It’s time for another book review 🙂
This book is super popular, and I finally got the chance to read it this summer! So I thought I would write a review of ‘Eleanor Oliphant is Completely Fine’, to see whether I think it was worth all the hype.
‘Eleanor Oliphant is Completely Fine’ is about a young woman who lives by her routine. She goes to work at the same time every day, buys the same meals for tea, and calls her mother everyday at the same time. She doesn’t understand social interactions, the result of living alone for many years, and having no one to depend on but herself. While this has made her lonesome and unhappy at times, she is also self-sufficient, in a no nonsense way which is funny and endearing to read.
Early on in the book, Eleanor meets Raymond, the IT technician at her workplace, and a friendship forms. Together, they help an old man who collapses in the street while they are walking home together, and, after that point, they continue to come into contact with one another.
Raymond really helps Eleanor to open up, and when she actually starts to talk to people, breaking her long-held rule of minimal communication, she finds that people find her no-nonsense way of speaking hilarious, and she soon opens up to the world.
While her friendship with Raymond is going on, the story also follows Eleanor’s search for love. After watching a concert one night, she develops a crush on a singer from a band, and so the book also covers her meticulous research on this person, and her quest to find true love.
Throughout the book it also becomes clear that Eleanor’s past life is something which still haunts her in the present. Things begin to come through as the reader finds out more about Eleanor, and towards the end of the book her past life threatens to envelope her completely.
She tries to repress this past life by living a structured and lonely life, but Honeyman makes the key argument that you can’t repress everything, and eventually her past life tries to catch up with her.
I really liked certain aspects of this book. I loved the character of Eleanor (and not just because she has my name ;)). I think that her character was fresh and new, and the way that she kept the key aspects of her personality even after opening up and coming out of herself was brilliant to read. With this kind of book, the characters often change into someone completely different, but Eleanor stays true to herself, while also opening up and accepting the help she needs. I really liked the ways in which she changed, and it was really satisfying to see her open herself up to new possibilities.
Eleanor’s character was also brilliant in the way that she said what she meant, and didn’t deviate from the truth. Her cutting remarks and constant miscomprehension of social situations made the book comical, and while it was clear that Eleanor had had a distressing upbringing, her personality really added a touch of comedy to the novel.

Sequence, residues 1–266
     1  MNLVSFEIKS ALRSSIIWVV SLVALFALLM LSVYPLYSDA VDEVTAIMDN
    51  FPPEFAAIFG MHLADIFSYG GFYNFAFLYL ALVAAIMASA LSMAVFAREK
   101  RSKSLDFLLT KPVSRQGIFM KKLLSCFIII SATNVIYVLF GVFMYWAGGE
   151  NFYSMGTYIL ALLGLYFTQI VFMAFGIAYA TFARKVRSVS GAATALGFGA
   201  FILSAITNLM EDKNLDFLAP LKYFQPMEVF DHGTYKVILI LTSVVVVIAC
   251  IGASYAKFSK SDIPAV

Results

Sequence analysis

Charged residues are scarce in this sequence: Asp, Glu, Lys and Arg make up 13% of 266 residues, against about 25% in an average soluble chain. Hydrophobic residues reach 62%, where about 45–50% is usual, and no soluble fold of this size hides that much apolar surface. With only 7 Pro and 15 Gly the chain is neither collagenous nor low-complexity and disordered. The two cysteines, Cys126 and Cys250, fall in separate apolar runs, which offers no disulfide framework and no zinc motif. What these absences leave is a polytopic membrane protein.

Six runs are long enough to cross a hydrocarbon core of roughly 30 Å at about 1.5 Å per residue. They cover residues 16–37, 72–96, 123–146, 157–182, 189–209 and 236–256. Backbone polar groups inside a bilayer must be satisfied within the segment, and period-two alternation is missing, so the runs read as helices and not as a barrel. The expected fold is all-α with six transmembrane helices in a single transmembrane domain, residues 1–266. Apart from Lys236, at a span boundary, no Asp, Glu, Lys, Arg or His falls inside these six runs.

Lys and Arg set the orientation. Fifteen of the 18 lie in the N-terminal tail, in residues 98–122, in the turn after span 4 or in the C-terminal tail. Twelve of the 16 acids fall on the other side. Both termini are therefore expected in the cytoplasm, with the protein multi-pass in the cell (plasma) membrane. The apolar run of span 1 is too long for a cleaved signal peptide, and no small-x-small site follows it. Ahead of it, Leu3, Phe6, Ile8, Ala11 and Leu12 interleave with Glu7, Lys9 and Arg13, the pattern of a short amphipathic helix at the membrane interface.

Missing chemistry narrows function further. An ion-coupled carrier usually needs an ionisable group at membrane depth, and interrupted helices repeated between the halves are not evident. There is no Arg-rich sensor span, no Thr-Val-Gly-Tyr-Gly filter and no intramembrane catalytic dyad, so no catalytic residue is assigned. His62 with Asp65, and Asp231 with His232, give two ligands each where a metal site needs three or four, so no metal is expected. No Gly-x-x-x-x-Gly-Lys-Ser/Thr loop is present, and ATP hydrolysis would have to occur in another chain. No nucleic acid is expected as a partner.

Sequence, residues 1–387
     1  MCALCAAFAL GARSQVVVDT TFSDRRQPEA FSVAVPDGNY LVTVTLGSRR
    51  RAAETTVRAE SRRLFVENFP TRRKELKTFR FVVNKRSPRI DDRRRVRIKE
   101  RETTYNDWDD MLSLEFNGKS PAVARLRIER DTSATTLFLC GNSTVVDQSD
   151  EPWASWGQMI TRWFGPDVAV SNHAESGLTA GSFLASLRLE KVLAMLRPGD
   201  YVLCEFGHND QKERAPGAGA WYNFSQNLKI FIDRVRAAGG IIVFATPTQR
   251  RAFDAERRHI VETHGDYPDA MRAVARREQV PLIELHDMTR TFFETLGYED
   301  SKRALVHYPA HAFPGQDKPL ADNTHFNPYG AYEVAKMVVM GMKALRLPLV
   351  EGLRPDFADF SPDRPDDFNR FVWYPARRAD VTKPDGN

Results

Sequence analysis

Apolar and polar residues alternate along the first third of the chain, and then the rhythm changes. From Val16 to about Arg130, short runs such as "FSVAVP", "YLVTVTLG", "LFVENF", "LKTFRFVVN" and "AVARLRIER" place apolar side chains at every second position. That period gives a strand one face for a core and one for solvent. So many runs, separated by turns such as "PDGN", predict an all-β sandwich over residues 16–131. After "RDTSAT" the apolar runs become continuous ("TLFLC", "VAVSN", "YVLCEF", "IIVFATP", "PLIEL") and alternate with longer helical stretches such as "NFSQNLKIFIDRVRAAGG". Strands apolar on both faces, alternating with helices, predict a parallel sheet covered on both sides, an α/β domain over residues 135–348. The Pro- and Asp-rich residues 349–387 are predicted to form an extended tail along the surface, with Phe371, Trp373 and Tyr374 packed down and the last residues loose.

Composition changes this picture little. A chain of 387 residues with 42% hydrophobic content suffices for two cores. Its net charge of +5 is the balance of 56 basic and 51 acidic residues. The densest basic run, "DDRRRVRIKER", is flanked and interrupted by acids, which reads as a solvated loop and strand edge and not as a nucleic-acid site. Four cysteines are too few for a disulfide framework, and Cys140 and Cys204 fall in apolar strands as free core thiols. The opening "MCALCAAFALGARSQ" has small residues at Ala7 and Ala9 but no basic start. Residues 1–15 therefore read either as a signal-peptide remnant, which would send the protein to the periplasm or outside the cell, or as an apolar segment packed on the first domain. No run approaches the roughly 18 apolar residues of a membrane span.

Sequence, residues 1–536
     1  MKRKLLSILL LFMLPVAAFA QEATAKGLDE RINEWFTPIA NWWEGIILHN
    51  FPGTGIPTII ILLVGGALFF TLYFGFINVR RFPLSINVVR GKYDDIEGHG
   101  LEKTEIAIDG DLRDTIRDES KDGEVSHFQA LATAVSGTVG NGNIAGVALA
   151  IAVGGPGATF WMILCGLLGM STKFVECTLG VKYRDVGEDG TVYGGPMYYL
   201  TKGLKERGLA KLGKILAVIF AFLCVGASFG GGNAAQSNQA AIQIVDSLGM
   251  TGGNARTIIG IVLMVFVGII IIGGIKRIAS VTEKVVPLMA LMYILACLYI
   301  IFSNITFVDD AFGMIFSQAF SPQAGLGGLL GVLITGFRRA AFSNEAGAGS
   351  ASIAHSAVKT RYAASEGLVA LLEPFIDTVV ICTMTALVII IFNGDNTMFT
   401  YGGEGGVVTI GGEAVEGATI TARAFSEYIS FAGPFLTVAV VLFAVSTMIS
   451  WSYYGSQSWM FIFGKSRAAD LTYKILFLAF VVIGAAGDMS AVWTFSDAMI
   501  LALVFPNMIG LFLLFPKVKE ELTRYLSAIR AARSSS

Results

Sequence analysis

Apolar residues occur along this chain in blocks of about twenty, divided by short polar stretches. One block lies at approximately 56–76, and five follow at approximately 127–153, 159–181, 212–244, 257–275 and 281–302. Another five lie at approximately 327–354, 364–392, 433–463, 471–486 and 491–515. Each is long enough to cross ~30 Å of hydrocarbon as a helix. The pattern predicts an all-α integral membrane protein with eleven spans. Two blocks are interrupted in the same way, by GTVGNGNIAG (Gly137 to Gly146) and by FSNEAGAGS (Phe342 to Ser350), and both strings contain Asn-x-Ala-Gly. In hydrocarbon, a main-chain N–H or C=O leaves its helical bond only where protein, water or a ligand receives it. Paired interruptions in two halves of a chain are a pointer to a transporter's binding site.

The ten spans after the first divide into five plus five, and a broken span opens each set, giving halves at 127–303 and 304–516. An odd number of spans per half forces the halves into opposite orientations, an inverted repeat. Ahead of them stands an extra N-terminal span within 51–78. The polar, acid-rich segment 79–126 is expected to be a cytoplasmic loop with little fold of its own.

It was the fact that Eleanor was such an interesting and unique character which kept me interested in the book, and there were so many fantastic lines where Eleanor pointed out the ridiculousness of a social situation, merely through the fact that she did not understand it.
However, after all the hype that this book received, I found myself a little disappointed. The book was a lot longer than it needed to be, and while this book didn’t focus on plot, I did find myself occasionally checking how much I had left to read, which is never a good sign for a book lover!
While there were so many things I loved about this book, I just found the book a little stereotypical, I guess? It just didn’t really shock me in the ways I thought it would, and I never got that life-affirming moment where I felt truly inspired by Eleanor’s story.
Of course, some bits in this book really touched me, but the whole thing just felt a little flat and predictable. While Eleanor’s character was funny, and her relationship with Raymond was brilliant to read, everyone else just seemed a bit flat, and not rounded as characters, and the storyline didn’t deliver as much as I thought it would.
That said, overall I enjoyed reading this book. I don’t think it quite lived up to all the hype that it was given, but it was nevertheless an honest and interesting story, and the character of Eleanor Oliphant was so interesting and inspiring. I have never come across a character quite like Eleanor in a book before, and I loved the way Honeyman made her come out of her shell, and embrace life.
What do you think of my review of ‘Eleanor Oliphant is Completely Fine’ by Gail Honeyman? What did you think of it? Would you give it a go in the future?
Let me know all your thoughts in the comments below 🙂
Happy reading x
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